Emily has been sticking with me throughout my job search. It’s kind of hard for her not to, since we share an address, but she’s been an especially good sport about it. This evening, while the waning heat of the Australian summer leaked out of the pavement and up into the wideness of the sky, we went out for noodles along the lakeside and admired the colors the clouds were turning.
After a while, as often happens, I tried to talk through what I’ve been experiencing lately while she listened and provided feedback. Most of the time she’s playing devil’s advocate. She had many good questions, and plenty of gentle and not-so-gentle mockery, for me relating to various irrational feelings I have about my career so far and how well I feel I’ve done.
One exchange in particular stands out for its simplicity: she was wondering why I appear to be so obsessed with productivity. As its own thing. I don’t write a productivity blog, and I don’t even see myself as being particularly good at implementing productivity tricks — I attribute everything I’ve accomplished thus far to having a clear vision of what the hell I’m supposed to be doing at the time (almost never what my employers expected me to be doing when I was hired) and pursuing that vision doggedly with all available resources, and my productivity suffers when that vision is not razor-sharp. Most other effects are second-order at most. But I still spend a lot of time and energy worrying about it. Why is that?
“Okay, so,” I said as we got inside from our bike ride through the deep blue evening and poured ourselves some tea. I sat for a bit and collected myself. “The narrative I’ve got inside my head… that I’m acting on… goes something like this: The world is basically a cruel and indifferent place which is trying to extract as much value from us as possible, and only the strongest survive.”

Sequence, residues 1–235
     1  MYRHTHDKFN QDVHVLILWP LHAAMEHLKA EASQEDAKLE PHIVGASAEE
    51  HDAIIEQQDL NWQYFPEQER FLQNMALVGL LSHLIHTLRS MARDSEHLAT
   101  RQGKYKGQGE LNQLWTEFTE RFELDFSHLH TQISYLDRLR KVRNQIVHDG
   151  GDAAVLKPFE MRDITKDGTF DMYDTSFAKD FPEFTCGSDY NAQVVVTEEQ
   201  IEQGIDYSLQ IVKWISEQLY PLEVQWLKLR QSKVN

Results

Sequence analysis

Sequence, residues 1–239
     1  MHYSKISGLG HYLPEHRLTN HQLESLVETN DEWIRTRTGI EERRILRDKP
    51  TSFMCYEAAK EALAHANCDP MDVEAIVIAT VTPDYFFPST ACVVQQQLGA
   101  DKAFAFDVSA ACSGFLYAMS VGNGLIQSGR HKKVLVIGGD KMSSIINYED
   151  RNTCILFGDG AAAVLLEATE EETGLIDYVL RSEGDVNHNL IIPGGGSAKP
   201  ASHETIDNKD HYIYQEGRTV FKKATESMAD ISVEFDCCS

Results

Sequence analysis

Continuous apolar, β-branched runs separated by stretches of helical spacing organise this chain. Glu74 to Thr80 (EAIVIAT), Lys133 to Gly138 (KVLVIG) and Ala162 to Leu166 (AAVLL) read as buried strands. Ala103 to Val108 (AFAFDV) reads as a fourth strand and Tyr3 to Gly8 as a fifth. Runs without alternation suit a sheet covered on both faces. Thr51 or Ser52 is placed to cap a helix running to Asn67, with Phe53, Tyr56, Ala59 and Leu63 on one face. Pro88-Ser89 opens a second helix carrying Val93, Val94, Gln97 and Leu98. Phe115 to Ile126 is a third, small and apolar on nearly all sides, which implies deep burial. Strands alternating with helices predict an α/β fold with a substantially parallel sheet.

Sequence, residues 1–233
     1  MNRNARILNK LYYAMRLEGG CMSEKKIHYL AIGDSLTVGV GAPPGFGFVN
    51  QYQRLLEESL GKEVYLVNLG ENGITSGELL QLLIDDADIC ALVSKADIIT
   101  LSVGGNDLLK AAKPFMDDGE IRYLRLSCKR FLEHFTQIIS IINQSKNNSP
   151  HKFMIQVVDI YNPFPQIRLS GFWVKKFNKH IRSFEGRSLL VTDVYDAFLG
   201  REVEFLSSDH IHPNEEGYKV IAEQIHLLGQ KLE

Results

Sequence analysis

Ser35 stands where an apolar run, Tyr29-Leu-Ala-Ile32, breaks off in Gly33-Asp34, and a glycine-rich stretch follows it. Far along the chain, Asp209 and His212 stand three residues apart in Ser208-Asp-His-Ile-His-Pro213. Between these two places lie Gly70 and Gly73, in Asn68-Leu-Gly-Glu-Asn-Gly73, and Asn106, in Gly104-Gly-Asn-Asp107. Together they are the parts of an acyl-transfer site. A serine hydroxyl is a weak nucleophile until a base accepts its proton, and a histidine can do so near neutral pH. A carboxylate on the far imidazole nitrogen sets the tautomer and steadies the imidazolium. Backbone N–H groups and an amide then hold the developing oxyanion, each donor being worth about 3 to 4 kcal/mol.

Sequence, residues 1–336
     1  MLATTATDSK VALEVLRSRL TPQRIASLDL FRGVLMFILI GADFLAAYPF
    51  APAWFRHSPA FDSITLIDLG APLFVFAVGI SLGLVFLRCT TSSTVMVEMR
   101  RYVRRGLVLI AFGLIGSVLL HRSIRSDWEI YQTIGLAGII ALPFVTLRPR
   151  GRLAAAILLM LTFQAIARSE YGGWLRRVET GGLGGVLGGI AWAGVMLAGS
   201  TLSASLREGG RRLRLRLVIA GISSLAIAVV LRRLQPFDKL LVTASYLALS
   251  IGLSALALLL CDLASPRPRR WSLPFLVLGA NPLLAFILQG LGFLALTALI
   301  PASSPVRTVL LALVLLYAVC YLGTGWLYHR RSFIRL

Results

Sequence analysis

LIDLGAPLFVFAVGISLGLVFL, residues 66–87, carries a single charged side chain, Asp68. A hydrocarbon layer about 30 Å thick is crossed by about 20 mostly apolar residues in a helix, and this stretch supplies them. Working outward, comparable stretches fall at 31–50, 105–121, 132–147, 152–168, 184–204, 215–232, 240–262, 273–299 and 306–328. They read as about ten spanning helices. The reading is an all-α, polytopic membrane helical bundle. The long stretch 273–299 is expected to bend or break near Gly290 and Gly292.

“And also fair,” she said, “so that the amount of value you get out is proportional to what you put in?” We had had some discussions earlier during which we both agreed that the world worked in deeply unfair ways, and also never according to plan. This would be true even if it weren’t riddled with all kinds of institutionalized privilege, and even if humans didn’t come in tribes; she had recommended me one of Malcolm Gladwell’s essays from which she took the main point that it was practically impossible to be both fair and efficient, or sometimes even to be either.
“Oh no,” I replied, “I have no assumption that the world is fair either. Working as hard as you can is necessary, but not sufficient. You need to work as hard as you can to have even a chance at being successful. Whatever ‘success’ means.”
(I’m thinking about rising inequality, about how technology is inherently a destabilizing force with the function of erasing jobs which once were well-paid. A highly nonlinear force. Something I’ve been reading about a lot lately, and have written about before as well.)
She digested those words for a few seconds. “So, fear then,” she said.
“Yeah. I guess. Yeah.”
She paused again. “Well, I’m sad to hear that.”
“I’m sad to hear that you’re basically afraid all the time.”
“Well,” I asked, “why aren’t you afraid all the time? — That’s an honest question, I mean you must have some reason, do you just not think about this all that much or …?”
“Because I have a huge network of people whom I can trust to catch me if I fall.”
“Like — uh — ”
“You’ve got stacks of people,” she reminded me, “everyone loves you! Just think about everyone you go couchsurfing with in other countries.”
“Yeah, you’re right, I guess I just hate asking favors.”
“You’re not asking favors, are you? You’re asking them to be there for you, and if you were really down and out who among those people would push you away?”
I wasn’t so sure at the time. But as I type this after the fact, perhaps due to the lateness of the hour (or my unwillingness to talk about my friends as “human capital”) I don’t really have much to come back at this argument with. Thanks, everyone.